An environmental impact study has been ordered. Landowners will be compensated if the plan goes ahead, but they say the government will determine the price.

“When we took office as a government, the environment minister consulted the best advice you can get with respect to this,” says Infrastructure Minister Brian Mason.

He says Springbank is less expensive, would have less environmental impact and can be done quicker.

“McLean Creek could potentially damage the spawning grounds of the bull trout, for example, which is Alberta’s official fish,” he says. “It was clear that Springbank was the better alternative on almost every count.”

Lee Drewry, whose wife’s great-grandfather was one of the original settlers in the area, says he doesn’t think the government understands what it is taking away.

“I don’t think they quite get the family history and ancestry,” he says. “That’s a consistent story with a lot of the landowners out here. It’s just bad public policy.”

Drewry’s family property is at the north end of the proposed reservoir. He says about two dozen families will be affected if the reservoir goes ahead.

“We think the project should be on government land that the government already owns. It doesn’t have to take land from other Albertans.”

Robinson laments the loss of all that history as well. She proudly points to a saddle on an upstairs rail that her father used in the first Calgary Stampede.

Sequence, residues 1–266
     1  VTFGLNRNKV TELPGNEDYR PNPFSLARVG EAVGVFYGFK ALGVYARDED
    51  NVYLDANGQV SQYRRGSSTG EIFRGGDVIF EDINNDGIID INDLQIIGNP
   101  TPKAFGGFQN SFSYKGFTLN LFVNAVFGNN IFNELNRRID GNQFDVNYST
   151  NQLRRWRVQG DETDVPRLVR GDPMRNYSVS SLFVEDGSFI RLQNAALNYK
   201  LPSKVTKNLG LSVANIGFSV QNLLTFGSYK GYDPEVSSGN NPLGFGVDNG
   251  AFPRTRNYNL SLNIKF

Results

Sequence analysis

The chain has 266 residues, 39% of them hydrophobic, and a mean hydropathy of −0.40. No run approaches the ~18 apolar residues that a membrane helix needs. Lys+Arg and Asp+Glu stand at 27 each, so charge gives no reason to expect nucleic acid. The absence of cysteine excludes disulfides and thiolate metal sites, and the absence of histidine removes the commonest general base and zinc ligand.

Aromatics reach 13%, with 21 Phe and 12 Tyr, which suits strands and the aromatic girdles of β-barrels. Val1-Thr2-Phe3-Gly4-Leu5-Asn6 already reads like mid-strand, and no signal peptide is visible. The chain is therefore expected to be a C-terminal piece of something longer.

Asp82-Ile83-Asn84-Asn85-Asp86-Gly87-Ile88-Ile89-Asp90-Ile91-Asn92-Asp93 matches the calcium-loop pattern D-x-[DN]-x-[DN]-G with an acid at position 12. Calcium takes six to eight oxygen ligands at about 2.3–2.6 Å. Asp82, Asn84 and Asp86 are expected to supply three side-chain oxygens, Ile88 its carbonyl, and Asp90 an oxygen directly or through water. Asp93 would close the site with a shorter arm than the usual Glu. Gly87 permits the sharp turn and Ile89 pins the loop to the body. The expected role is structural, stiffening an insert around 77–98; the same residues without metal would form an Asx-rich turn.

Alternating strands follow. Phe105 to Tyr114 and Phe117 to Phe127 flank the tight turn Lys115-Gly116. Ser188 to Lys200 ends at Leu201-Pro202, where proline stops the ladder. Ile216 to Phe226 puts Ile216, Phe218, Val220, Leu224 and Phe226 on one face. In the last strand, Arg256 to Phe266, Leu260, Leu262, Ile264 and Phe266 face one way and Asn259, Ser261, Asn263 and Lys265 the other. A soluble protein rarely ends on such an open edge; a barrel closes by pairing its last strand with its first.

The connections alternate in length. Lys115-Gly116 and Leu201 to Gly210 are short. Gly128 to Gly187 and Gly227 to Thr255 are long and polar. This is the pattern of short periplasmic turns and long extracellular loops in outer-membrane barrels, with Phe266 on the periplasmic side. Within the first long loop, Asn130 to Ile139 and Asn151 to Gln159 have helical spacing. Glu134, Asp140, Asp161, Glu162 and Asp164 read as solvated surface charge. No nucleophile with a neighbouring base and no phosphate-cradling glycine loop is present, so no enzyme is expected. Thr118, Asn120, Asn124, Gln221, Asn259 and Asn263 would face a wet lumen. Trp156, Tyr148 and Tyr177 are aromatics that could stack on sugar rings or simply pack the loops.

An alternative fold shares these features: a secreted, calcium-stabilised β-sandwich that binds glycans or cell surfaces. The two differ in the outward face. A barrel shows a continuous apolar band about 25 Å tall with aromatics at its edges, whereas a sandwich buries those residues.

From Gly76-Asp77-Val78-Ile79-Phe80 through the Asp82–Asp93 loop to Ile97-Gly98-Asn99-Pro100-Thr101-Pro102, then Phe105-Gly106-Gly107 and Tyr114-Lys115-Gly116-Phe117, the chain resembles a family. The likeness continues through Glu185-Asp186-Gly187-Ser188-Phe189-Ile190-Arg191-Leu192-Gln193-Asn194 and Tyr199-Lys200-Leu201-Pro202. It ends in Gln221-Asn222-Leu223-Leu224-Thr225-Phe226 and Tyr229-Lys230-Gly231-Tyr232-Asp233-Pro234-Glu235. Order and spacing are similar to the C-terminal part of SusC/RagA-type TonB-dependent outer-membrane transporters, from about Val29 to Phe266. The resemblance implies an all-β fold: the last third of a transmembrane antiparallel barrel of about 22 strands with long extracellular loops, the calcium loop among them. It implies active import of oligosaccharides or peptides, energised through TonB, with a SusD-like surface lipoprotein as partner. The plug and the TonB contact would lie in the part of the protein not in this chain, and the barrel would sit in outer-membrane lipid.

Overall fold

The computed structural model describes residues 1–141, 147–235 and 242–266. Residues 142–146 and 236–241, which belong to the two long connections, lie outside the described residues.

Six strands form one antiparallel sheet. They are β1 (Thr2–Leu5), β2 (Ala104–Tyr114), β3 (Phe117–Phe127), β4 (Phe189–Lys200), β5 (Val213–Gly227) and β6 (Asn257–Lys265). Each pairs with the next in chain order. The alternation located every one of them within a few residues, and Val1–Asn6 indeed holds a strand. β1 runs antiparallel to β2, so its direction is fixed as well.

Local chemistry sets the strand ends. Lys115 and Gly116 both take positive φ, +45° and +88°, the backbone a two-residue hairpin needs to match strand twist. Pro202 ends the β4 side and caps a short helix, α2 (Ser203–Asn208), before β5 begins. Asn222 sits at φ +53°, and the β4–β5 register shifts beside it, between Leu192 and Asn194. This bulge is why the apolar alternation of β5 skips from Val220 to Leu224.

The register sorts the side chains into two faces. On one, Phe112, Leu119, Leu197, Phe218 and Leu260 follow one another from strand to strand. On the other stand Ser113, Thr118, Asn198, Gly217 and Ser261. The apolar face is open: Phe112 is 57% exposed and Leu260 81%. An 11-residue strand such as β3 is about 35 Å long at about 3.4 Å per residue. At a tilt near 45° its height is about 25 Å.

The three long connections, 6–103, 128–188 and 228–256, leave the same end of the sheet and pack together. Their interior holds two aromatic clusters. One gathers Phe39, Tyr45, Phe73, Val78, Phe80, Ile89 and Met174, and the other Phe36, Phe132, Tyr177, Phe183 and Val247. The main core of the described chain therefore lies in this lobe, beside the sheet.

“I was raised in a one-room log cabin down there,” she says, pointing outside.

“We’ve done a lot in our lives to struggle and keep this land. It’s rather unbelievable that someone can just come and take it from you.

“According to the plan, they will come right through here and take all of this. One of the maps shows it’s out in the middle of the front field over there,” she says, pointing out her kitchen window.

“They will take all of this.”

Get local stories you won't find anywhere else right to your inbox.
Sign up here

Just Posted

Council approved a $3 million grant and a $19 million loan Tuesday to help keep Westerner Park sustainable. (Advocate file photo)
Red Deer city council approves $22M to keep Westerner Park viable after emotional debate

It’s vital ensure future success for the huge economic generator, says mayor

Red Deer Rebels goalie Chase Coward tries to find a loose puck during WHL action at the Centrium earlier this season. (Photo by ROB WALLATOR/Red Deer Rebels)